Keeping the Studends Off-Balance

Posted January 2004

Y'know, there's nothing like getting a long-time problem fixed for making flying a lot more enjoyable.

I've been fighting that slow-cranking problem for about a year and a half. It got to color how much I anticipated going flying...thinking about how sluggish the prop turned, how embarrassing it would be if I had to climb out when the prop wouldn't flip over, or, even worse, end up having to hand-prop it at some other field to make it home.  As time wore on, I had to use the pull handle to rock the prop back and forth to finally get it to flip past a compression stroke to start.  It was getting tougher and tougher to do.

But's fixed.  After getting things finally working right yesterday, I *had* to go fly.  Despite occasional low clouds and rain showers, the traffic pattern had been busy while I'd installed the new starter clutch and adjusted the lever.  I put the cowling back on, rolled the plane out, hopped in, cranked it up, and rolled out to the runway.

In reality, though...the weather was awful.  Light rain, temperature equal to dew point, with banks of scud/fog all around the airport.  After I'd flown a pylon turn around a hunk of cloud just turning from crosswind to downwind, and had someone call downwind on the OPPOSITE side of the cloud, I figured I'd proved everything that I needed to.

Today...well, it started out cloudy, but cleared off nicely by early afternoon.  Temp in the high '40s, so I wore a turtleneck and flannel shirt under my leather jacket.  Moonraker started like a dream, and we were off to the runway.

Today was *really* busy.  The fun thing was, the pattern not only had the usual pack of students, but a crop of high-performance airplanes (Like a Centurion and a Glasair) *also* doing touch-and-goes.

Now, unlike a lot of folks, I like students.  I don't squawk when they fly wide, careful patterns.  I remember flying the 747 patterns myself, and the utter joy on the day my instructor introduced me to tighter patterns.  They gotta learn sometimes, so I just go with the (traffic) flow.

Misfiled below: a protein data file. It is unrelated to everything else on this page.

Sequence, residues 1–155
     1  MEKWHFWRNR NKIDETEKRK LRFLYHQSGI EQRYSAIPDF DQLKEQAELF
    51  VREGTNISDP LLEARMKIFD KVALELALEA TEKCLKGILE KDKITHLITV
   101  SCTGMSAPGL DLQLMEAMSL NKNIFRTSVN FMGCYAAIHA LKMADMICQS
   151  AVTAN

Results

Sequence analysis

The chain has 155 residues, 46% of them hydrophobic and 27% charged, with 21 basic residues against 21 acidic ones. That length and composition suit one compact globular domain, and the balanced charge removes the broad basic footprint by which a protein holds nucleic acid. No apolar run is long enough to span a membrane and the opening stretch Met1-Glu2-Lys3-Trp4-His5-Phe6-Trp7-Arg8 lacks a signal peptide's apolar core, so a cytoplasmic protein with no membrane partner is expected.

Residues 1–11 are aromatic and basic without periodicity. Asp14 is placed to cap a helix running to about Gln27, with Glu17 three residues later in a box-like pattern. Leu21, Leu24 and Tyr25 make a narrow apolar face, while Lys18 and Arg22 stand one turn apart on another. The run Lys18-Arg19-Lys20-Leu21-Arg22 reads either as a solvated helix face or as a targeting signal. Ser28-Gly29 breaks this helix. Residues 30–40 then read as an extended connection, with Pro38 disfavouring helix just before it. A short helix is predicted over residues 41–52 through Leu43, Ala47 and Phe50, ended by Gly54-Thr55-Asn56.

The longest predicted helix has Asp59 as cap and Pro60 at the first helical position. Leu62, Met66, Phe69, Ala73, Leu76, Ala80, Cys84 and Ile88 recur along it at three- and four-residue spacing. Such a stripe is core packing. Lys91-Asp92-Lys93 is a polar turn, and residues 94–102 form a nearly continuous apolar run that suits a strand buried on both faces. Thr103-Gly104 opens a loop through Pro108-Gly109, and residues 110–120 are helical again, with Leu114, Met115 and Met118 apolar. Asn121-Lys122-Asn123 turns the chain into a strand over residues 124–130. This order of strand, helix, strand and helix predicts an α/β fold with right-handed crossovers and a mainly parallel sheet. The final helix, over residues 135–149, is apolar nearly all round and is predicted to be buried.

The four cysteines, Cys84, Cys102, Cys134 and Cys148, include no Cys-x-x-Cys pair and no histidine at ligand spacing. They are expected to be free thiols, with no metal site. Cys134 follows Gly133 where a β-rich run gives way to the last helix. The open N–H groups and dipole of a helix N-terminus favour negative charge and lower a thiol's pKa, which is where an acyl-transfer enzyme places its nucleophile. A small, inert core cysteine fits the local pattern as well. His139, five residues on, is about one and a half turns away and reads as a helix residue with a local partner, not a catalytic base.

The high-performance planes were having trouble, though.  They wanted to fly downwinds at 120 knots or so, while the students were (apparently) trained to hold 90 knots on downwind.  There was a lot of jockeying as the Centurion caught up to these guys...he left the pattern a couple of times when the spacing got too close.

The high-speed pilots were nice about it, but I suspect the continued coordination of position and intentions via UNICOM was tending to rattle some of the lower-time pilots.

I left the pattern to check out some of the local private fields to see if any buddies were outside working on their planes.  It was a gorgeous flight...bright sun, patchy clouds.  Trails of smoke rose all around the clock...folks burning off leaves and wood debris from a recent windstorm. Woodsmoke scented the cool breeze flowing through Moonraker's cockpit.

I decided to head back home to shoot a couple of touch and goes.  From the radio on the way in, it sounded like the Centurion and the Glasair were still working the pattern.

I shoehorned myself in, rolled the wheels on Runway 16, and powered up for another pass around the pattern.  As I turned crosswind, I could see one of the local flight school's 152s entering the pattern.

"Cessna One Four Seven turning downwind, One-Six at Auburn," he called.

A few moments later, I horsed Moonraker off crosswind onto the same leg. "Fly Baby Eight-Four-Eight is number two on downwind, One-Six Auburn."

A moment later:  "Experimental turning downwind at Auburn, this is Cessna One Four Seven on downwind.  Where are you at?"

"I'm about a half-mile behind you."

The next call absolutely stunned me:  "Experimental, I'm only flying eighty knots.  Will you be able to maintain spacing?"

He apparently had me mistaken for a much faster homebuilt. "Ahhhh...I've got an open cockpit and wire bracing.  I don't think there'll be a problem....."

And I just laughed and laughed and laughed, all the way to turning final....

Ron Wanttaja